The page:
The following column is the opinion and analysis of the writer.
Maybe you saw the recent news article about an auditors’ report on stalled investigations into claims of abuse and neglect at nursing homes supervised by the Arizona Department of Health Services.
It was a shocking and sadly predictable picture of what happens when skyrocketing demand for services collide with spiraling costs and inadequate funding. The result: A perfect storm of frail seniors living out their days warehoused in understaffed and unsanitary facilities, and reports of abuse and neglect that go uninvestigated for hundreds of days.
I won’t point fingers. Most nursing-home staffers are caring, hard-working professionals. And facility operators must deal with dangerously low reimbursement rates and relentless expenses. It’s a squeeze, and their residents are the ones caught in the middle.
Going into a nursing home is usually a last-ditch scenario. Aging in place, at home, is by far the top choice. I founded an in-home-care agency in Tucson and I see that choice being made every day.
But home care is not an option for many seniors. In most cases, unless you have long-term-care insurance, you’ll pay for services out-of-pocket. In Pima County alone, some 159,000 residents are age 60 or older. Many have no savings. When an accident or illness takes away their ability to care for themselves, the state Medicaid system (known as the Arizona Health Care Cost Containment System, or AHCCCS) can help, through its ALTCS (Arizona Long Term Care System) plan. Medicare does not pay for long-term nursing home placement.
To be sure, ALTCS is a safety net, but just barely. To qualify, your income as an individual can’t exceed $2,313 a month. You can own your home and a car, and $2,000 in other assets. No nest egg for you!
Qualifying for ALTCS is only the beginning. Waiting at the end of the process is an underfunded, understaffed, underregulated nursing home. Consider this: The ALTCS reimbursement rate for nursing homes is $166 per client per day. Out of that the facility must provide room, board and care. It must pay for office expenses and your medications, laundry services and disposable medical equipment. Most current facilities were built in the 1970s and ’80s, so maintenance is costly — or deferred.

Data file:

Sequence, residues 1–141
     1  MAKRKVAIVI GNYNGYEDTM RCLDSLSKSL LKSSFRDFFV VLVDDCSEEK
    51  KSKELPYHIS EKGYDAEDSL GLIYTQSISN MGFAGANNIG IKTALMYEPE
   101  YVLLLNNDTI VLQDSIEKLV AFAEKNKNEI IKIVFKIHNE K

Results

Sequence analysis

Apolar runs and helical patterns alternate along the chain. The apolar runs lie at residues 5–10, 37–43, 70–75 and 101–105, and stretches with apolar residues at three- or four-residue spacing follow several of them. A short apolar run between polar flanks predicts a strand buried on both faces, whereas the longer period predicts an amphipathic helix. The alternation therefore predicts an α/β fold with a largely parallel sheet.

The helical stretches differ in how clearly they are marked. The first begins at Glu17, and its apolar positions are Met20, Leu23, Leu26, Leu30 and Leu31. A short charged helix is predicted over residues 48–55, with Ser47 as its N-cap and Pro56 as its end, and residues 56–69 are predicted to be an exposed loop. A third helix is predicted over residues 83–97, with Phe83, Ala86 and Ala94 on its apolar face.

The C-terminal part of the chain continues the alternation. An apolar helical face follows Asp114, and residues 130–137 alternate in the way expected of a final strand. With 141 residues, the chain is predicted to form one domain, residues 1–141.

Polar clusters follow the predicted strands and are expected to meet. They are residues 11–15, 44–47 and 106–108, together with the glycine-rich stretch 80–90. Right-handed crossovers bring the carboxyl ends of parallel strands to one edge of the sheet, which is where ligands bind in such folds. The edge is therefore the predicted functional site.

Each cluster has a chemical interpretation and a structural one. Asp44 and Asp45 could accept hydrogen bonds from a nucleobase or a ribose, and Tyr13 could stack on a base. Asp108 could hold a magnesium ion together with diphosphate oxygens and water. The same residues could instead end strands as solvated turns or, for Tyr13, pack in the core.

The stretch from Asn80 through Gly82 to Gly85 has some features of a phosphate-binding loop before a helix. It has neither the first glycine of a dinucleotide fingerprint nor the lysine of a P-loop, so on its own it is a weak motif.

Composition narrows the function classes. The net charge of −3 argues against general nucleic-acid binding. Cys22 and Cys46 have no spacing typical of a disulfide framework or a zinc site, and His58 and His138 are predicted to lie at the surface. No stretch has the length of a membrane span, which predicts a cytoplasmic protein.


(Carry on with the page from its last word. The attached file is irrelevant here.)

Federal regulations require that caregivers be certified nursing assistants. The pay scale for CNAs is about $13 to $15 an hour, and they’re expected to care for up to 10 frail older adults. And every shift, they confront a carousel of dysfunction. Who fell out of bed? Whose meds are misplaced? Who’s anxious and acting out? No wonder the personnel entrance is a revolving door.
Cara Christ, director of the health department, says the auditors only looked at a handful of “non-representative samples” and that her department meets federal standards. But she also said she was assigning two more staffers to investigate complaints. To actually do the job right, Christ said, her department needs “an additional 44 staff and an additional $3.3 million appropriation and general fund allocation.” Well, let’s get her the money.
Of course, that only covers the cost of properly investigating complaints. The real problem is that pitiful $166 ALTCS reimbursement for nursing homes. If you’re as appalled as I am, let the governor’s office know. Tell Gov. Doug Ducey it’s way past time to increase reimbursements for nursing homes. Remind him that how we care for our most vulnerable citizens reflects on us all.
You’ll find a contact form at azgovernor.gov. Or you can call his office at (602) 542-4331. But please, do it today, because bedsores never sleep.
Judith B. Clinco, RN, BS, is founder and president of Catalina In-Home Services Inc. and sits on the board of the CareGiver Training Institute. Contact Judith at email@example.com.
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